Career center teens thank their bosses

April 29, 1993|By Anne Haddad | Anne Haddad,Staff Writer

Last night was the first chance many Carroll County teens had to invite the boss to dinner.

The annual Employer-Employee Dinner at the Carroll County Career and Technology Center allowed students who spent the semester in work programs to thank the employers who hired them.

After three semesters at the career center, students have the option of spending the fourth semester working in the community in the field they are studying.

"Most of them start out as part-time jobs during the school year," said Gene Dolly, work coordinator for the school. "Upon graduation, many of them turn into full-time [jobs]."

Since 1977, Mr. Dolly, a former masonry instructor, has been beating the bushes at Carroll businesses to place students in jobs.

"I'm out pretty much every day looking for jobs," he said.

In spite of a recession in which Maryland suffered the fifth-worst job loss in the nation last year, the career center maintained a good placement record, Mr. Dolly said.

"Naturally, it has affected us," he said. "Because when I look at the records for enrollment, the percentage of kids has dropped."

He said that some students might be reluctant to train for careers such as construction when they hear that construction jobs may not be waiting for them.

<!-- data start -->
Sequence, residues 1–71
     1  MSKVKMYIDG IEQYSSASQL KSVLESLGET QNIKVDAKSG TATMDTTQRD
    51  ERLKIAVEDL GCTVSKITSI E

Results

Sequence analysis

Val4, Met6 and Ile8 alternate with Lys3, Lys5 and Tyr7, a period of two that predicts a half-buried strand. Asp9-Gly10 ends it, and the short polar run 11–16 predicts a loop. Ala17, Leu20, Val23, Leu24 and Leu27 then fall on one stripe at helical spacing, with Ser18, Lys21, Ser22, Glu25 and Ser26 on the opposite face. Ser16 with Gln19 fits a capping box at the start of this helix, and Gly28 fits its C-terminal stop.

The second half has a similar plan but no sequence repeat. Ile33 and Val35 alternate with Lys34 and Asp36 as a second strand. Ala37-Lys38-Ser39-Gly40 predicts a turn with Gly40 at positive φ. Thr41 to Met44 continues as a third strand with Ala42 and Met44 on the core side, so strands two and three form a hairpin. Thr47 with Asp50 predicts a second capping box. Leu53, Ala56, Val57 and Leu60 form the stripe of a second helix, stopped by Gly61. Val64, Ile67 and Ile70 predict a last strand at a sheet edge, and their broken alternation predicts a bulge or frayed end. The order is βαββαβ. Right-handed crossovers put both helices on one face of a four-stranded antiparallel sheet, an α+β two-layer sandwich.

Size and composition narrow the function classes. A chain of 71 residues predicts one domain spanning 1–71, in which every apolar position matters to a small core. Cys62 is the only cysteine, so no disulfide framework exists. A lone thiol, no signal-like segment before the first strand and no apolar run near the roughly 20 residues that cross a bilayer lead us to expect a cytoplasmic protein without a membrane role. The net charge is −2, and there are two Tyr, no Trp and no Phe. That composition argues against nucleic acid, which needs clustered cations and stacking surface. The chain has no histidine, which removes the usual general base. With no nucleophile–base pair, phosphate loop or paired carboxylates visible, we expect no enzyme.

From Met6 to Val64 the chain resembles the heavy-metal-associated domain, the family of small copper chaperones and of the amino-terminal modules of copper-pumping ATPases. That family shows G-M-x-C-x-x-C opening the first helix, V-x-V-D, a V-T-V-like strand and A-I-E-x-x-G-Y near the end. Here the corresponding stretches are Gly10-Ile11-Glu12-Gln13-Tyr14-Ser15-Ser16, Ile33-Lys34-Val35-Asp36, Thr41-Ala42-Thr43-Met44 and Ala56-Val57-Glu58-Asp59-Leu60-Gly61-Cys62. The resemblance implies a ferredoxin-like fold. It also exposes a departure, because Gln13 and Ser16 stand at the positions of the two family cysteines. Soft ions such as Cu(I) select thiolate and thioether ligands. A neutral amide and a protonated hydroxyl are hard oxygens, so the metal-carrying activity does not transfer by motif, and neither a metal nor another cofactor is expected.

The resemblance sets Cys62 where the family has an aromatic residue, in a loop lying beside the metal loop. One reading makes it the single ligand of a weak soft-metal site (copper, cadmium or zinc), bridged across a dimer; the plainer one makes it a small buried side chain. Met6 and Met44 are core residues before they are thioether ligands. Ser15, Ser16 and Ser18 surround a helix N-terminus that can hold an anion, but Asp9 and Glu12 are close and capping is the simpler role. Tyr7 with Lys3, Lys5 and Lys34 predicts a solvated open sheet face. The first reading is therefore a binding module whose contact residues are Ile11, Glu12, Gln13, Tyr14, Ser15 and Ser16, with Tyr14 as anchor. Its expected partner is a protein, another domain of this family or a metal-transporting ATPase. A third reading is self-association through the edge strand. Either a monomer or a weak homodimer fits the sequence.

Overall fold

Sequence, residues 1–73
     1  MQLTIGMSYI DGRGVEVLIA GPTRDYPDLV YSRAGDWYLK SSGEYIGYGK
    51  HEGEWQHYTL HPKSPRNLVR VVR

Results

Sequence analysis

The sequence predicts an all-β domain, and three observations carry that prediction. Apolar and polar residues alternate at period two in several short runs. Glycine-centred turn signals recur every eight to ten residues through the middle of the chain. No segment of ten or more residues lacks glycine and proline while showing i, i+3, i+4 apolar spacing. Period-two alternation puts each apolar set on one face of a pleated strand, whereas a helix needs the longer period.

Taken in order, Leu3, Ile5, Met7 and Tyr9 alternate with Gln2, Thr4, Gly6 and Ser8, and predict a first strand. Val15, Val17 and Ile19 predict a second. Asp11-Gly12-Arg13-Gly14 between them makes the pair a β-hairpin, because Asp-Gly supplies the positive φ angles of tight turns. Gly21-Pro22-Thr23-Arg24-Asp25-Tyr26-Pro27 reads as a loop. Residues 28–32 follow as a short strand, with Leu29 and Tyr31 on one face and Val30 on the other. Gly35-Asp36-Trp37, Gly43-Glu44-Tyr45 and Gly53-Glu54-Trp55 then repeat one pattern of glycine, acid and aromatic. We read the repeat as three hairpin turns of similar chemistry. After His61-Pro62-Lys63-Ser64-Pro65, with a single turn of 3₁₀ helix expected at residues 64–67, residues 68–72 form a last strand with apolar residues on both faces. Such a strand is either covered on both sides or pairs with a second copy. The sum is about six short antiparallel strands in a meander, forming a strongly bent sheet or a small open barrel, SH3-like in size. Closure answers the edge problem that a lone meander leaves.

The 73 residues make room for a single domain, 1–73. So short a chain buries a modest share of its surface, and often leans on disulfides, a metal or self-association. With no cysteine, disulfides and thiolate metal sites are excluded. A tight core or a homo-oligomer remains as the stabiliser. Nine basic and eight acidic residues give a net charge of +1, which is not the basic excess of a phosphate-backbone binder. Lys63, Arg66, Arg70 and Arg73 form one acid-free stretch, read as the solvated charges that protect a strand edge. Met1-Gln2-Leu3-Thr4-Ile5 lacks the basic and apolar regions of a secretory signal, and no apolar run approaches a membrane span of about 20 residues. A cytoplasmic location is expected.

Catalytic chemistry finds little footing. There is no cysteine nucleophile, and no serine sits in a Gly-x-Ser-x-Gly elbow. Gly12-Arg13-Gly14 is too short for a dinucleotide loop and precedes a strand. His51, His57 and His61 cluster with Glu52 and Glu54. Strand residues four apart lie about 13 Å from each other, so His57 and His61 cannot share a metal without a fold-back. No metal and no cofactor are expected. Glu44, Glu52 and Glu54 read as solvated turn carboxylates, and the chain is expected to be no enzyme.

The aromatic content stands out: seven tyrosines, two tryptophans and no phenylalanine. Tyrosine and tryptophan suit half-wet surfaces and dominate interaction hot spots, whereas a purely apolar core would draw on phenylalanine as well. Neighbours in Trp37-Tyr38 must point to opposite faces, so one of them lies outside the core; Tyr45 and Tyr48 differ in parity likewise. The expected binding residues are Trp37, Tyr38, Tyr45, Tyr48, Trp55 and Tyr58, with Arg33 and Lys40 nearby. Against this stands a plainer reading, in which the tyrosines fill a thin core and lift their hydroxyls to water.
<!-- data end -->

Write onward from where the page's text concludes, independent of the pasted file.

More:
"Now that jobs and building construction are picking up, we should see some enrollment pickup," he said.

Of the 1992 graduating class, 84 percent went directly into jobs in their chosen trade or continuing education for that trade, Mr. Dolly said. Only 3 percent were unemployed, with the remainder in other jobs unrelated to their trade, or in the military.

Last night, the 34 local employers the school and students honored included longtime participants All-State Welding Products, Bare Truck Center, Carroll County General Hospital, Modern Comfort Systems and Sears Auto Center.

One employer, chef Don Reiger of Wakefield Valley Conference Center, helped plan the event with his wife, Joan Dishberger. Ms. Dishberger is the culinary arts instructor at the center.

Her students set up the dining room with fresh white linens and cooked and served a dinner of grilled boneless chicken breast with sherry mushroom sauce, tomatoes Provencal, broccoli, twice-baked potatoes and chocolate mousse in tuille cookie cups.

About 50 students, most of them seniors, attended the dinner with their employers. The students paid $3 a person to cover the cost of their employer's dinner, said Gene Dolly, work coordinator for the school. He has organized the annual dinner for 15 years.

Angie Robertson, a South Carroll High School senior, is in a work program at Wakefield Valley, under Mr. Reiger. She goes to school at South Carroll until 10:30 a.m., then drives to work by 11 a.m. every day.

"I love the work. It's a lot of fun," she said. "I'm going through an apprenticeship program through the chef."

Mr. Reiger has two other students in an apprenticeship program, which he said will be equivalent to more expensive training programs in schools.

He said his own education cost $27,000 at the Culinary Institute of America in Hyde Park, N.Y.

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